Frequently stamps are offered on eBay that seem to have perforations so irregular the suspicion arises that they have been faked. There is a very simple test one can perform with the image of such a stamp called a "flip-comparison" test, that can be done with a program such as MS Paint. This tutorial will guide you through the steps of such a test, using MS Paint. Other programs may vary slightly in how they perform the tasks illustrated below, but interpretation and adaptation shouldn't be too difficult.
First, copy the stamp's image to your hard disk. Right click on the image, and select "Save picture as", then choose a place, such as your desktop, where the image will be readily accessible.
Next, open the image in MS Paint, or similar program. Use the SELECT tool (highlighted at top left in image below) to outline the perforations on one side of the stamp as shown by the area enclosed by a dashed line.
Next, copy this selected portion of the image. You can either use the EDIT menu or the keystrokes CTRL+C. Once this portion of the image is on the clipboard, paste it back into the image, either using the EDIT menu or the keystrokes CTRL+V. Your image will now look like this:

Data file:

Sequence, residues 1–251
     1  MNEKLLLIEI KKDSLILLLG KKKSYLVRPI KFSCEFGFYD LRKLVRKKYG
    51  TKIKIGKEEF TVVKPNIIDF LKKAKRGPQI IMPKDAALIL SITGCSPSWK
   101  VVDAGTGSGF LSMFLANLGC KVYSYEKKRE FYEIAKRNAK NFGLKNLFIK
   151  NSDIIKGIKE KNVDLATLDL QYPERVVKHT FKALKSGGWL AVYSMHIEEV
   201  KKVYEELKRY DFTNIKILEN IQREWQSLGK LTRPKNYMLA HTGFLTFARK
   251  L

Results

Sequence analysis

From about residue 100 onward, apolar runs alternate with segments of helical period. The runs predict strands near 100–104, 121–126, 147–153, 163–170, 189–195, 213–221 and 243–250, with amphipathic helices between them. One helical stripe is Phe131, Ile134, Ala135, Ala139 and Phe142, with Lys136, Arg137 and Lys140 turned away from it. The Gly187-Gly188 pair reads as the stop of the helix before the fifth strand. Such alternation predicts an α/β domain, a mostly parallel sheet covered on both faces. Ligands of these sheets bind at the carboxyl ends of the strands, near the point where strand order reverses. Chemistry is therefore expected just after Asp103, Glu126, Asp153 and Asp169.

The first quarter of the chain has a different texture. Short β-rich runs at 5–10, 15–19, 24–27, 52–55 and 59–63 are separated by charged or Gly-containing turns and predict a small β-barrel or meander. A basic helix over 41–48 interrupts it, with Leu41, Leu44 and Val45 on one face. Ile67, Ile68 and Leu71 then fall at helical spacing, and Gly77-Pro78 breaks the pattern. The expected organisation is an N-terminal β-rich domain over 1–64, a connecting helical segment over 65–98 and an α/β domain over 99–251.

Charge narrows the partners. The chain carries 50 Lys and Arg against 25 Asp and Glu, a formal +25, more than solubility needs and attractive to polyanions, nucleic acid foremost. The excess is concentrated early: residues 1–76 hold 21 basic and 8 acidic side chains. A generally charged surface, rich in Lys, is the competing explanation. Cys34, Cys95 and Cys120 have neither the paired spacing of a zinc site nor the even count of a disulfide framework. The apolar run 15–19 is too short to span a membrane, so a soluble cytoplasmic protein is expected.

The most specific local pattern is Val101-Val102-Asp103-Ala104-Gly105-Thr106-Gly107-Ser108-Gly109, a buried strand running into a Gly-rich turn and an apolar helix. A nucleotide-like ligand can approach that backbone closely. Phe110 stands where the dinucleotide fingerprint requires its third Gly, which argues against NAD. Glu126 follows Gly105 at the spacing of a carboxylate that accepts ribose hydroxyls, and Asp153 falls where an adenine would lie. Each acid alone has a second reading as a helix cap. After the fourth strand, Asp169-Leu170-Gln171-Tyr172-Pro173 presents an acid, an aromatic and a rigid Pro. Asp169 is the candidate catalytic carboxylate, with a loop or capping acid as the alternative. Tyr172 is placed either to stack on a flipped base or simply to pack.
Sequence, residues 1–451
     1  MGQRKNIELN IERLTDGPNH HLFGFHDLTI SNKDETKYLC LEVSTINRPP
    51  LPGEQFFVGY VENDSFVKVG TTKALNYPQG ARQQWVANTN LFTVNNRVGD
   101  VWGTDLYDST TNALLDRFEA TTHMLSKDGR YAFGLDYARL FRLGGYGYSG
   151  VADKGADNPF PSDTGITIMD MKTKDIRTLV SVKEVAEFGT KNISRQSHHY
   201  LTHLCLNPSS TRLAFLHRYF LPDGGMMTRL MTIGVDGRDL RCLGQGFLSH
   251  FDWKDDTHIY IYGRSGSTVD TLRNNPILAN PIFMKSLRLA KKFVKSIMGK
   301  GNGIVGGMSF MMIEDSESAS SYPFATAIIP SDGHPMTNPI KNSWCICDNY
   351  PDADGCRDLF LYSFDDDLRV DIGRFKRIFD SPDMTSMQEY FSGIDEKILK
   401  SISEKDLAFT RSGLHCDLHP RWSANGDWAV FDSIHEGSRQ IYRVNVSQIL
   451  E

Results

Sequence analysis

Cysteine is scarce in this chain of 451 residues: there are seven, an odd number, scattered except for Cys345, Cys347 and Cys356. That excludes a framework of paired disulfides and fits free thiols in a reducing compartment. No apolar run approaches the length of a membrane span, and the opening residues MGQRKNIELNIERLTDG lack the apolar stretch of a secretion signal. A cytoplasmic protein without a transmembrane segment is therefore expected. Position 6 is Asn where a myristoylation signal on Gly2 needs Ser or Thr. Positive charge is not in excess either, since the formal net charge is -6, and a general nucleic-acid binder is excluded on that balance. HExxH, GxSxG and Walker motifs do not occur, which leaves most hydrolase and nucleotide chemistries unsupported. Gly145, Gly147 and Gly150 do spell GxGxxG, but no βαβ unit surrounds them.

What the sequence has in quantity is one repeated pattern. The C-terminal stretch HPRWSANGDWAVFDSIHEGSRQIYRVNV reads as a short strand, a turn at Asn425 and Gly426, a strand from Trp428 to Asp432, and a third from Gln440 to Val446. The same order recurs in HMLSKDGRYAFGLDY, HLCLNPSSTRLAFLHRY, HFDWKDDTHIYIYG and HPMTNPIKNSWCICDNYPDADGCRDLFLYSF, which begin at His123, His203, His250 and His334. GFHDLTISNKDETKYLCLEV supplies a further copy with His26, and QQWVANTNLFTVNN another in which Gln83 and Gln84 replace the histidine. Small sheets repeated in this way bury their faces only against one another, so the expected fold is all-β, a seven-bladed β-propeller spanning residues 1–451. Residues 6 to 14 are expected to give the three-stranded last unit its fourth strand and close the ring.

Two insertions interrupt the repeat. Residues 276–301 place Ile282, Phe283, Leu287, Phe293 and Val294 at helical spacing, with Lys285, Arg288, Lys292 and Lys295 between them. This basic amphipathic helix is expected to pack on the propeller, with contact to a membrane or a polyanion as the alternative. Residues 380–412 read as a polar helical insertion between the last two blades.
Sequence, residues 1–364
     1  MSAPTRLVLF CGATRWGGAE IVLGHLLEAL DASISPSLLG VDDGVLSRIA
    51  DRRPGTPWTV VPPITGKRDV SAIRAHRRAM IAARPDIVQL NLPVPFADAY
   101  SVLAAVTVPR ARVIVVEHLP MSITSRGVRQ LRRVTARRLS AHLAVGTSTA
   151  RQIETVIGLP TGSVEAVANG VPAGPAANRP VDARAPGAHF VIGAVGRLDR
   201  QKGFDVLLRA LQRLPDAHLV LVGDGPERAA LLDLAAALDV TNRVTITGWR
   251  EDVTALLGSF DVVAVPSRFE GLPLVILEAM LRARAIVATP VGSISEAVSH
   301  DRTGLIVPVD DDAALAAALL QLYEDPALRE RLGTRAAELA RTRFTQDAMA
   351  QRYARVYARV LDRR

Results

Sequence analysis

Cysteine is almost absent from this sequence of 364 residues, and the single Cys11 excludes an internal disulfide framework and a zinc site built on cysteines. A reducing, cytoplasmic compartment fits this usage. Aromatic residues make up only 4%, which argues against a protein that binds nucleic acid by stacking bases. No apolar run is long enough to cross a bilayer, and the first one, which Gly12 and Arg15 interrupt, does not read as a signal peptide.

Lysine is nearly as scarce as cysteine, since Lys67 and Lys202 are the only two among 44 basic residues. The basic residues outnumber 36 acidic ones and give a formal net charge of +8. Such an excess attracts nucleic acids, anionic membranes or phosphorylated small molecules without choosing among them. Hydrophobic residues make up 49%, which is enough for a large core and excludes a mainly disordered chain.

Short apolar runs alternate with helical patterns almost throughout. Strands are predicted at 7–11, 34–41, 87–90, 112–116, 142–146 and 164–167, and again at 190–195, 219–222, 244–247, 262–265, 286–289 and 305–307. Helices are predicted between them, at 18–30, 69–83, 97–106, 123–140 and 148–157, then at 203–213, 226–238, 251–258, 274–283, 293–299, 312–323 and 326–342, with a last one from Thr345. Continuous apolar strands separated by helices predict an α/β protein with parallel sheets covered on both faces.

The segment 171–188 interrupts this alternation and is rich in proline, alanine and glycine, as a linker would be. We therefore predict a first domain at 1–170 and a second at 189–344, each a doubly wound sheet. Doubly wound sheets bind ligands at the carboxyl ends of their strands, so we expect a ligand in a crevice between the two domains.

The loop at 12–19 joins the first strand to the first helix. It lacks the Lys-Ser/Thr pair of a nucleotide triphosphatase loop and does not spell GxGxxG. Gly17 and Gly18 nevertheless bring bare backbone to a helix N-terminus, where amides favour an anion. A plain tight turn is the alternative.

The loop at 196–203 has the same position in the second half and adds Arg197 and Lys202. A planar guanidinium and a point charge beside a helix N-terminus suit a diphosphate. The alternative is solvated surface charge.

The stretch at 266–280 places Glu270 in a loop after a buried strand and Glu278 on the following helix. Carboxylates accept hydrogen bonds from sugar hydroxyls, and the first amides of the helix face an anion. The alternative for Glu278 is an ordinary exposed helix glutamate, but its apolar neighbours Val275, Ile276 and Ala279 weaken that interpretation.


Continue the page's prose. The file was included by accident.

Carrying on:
A copy of the perforations you selected now appears at the top left side of the image. Now, with the copy still highlighted,
flip it both horizontally and vertically. This is done via the IMAGE menu, shown below.
Once you select "Flip/Rotate" you will be given the options "Flip horizontal" and "Flip vertical". Remember that the image must be flipped both ways, so you will need to open the IMAGE menu up twice and perform each flip separately. What you have then will look like this:
The image within the dashed lines can now be moved up against the side from which it came, and the perforations compared.
In the illustration below, the perforations match very well, indicating that that side of the stamp was not reperforated.
And below is a stamp that did not pass the test:
Not only do the perforations not line up, they are not on a straight line.
This is very much a red flag!